The Vernon Courthouse turns 100
100 years ago an unprecedented building was opened in the Okanagan.
Designed by, famous Vancouver and Victoria architect, Thomas Hooper the new prize building of the interior, the Vernon Courthouse, opened its doors.
“This building has lasted a hundred years and in this part of the world a hundred years is a long time,” laughed Rob Culos, President of Vernon Bar Association.
“It is one of the loveliest public buildings in the province and certainly in the interior it is one of the oldest public buildings in consistent use, which makes it very noteworthy in my opinion,”
At the time the Vernon Courthouse was built the North Okanagan was booming, it was central hub of the Okanagan and bursting at the seams.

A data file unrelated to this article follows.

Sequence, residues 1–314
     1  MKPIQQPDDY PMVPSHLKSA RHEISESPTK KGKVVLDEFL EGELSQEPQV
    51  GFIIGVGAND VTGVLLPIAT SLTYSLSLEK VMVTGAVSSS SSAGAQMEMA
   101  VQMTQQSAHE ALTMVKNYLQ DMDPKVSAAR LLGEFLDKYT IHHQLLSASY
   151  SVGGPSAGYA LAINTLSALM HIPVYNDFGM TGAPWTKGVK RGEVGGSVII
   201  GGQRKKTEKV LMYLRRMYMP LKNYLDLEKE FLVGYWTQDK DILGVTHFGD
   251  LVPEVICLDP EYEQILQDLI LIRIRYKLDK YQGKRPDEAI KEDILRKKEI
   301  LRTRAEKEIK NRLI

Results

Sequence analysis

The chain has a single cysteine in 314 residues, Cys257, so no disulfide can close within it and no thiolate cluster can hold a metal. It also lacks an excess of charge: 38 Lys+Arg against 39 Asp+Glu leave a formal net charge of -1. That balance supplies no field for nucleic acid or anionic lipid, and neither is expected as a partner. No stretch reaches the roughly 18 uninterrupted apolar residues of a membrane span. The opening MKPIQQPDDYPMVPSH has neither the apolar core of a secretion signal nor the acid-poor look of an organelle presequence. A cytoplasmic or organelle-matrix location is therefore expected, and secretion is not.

Just over twenty years earlier the, now gone, Brick Courthouse was built in Vernon but due to the quick population growth it was no longer good enough.
“That was a nice little building, but you see Vernon quickly outgrew that. It was built in 1892 and then during the 1890's the Europeans, mostly the English and Belgians, discovered that the North Okanagan was the best apple-growing region in the whole world.
So there was a huge and rapid development in the next 20 years causing an influx of people. So what was a fairly decent courthouse of the time was just not adequate anymore,” said Culos.
MLA for Vernon at the time and Minister of Finance Price Ellison, (a famous Okanagan rancher with one of the largest wheat and stock farms in the area) made it his goal to have a new courthouse built in Vernon for the interior.